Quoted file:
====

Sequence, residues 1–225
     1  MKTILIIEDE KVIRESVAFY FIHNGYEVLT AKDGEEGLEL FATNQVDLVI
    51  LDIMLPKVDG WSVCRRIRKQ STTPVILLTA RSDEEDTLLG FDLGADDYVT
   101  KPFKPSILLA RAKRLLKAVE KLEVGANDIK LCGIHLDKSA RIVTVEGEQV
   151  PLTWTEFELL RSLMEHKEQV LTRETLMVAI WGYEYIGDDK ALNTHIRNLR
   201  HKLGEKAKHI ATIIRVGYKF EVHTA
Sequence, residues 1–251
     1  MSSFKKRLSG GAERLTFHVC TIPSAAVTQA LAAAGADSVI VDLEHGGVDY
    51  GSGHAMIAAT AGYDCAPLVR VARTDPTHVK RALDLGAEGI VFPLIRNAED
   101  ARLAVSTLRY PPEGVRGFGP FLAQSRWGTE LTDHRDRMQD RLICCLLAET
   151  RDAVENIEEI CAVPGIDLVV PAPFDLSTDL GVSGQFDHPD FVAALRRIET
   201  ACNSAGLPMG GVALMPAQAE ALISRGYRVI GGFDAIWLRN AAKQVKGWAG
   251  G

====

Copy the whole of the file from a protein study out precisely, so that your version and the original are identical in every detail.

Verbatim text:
Sequence, residues 1–225
     1  MKTILIIEDE KVIRESVAFY FIHNGYEVLT AKDGEEGLEL FATNQVDLVI
    51  LDIMLPKVDG WSVCRRIRKQ STTPVILLTA RSDEEDTLLG FDLGADDYVT
   101  KPFKPSILLA RAKRLLKAVE KLEVGANDIK LCGIHLDKSA RIVTVEGEQV
   151  PLTWTEFELL RSLMEHKEQV LTRETLMVAI WGYEYIGDDK ALNTHIRNLR
   201  HKLGEKAKHI ATIIRVGYKF EVHTA
Sequence, residues 1–251
     1  MSSFKKRLSG GAERLTFHVC TIPSAAVTQA LAAAGADSVI VDLEHGGVDY
    51  GSGHAMIAAT AGYDCAPLVR VARTDPTHVK RALDLGAEGI VFPLIRNAED
   101  ARLAVSTLRY PPEGVRGFGP FLAQSRWGTE LTDHRDRMQD RLICCLLAET
   151  RDAVENIEEI CAVPGIDLVV PAPFDLSTDL GVSGQFDHPD FVAALRRIET
   201  ACNSAGLPMG GVALMPAQAE ALISRGYRVI GGFDAIWLRN AAKQVKGWAG
   251  G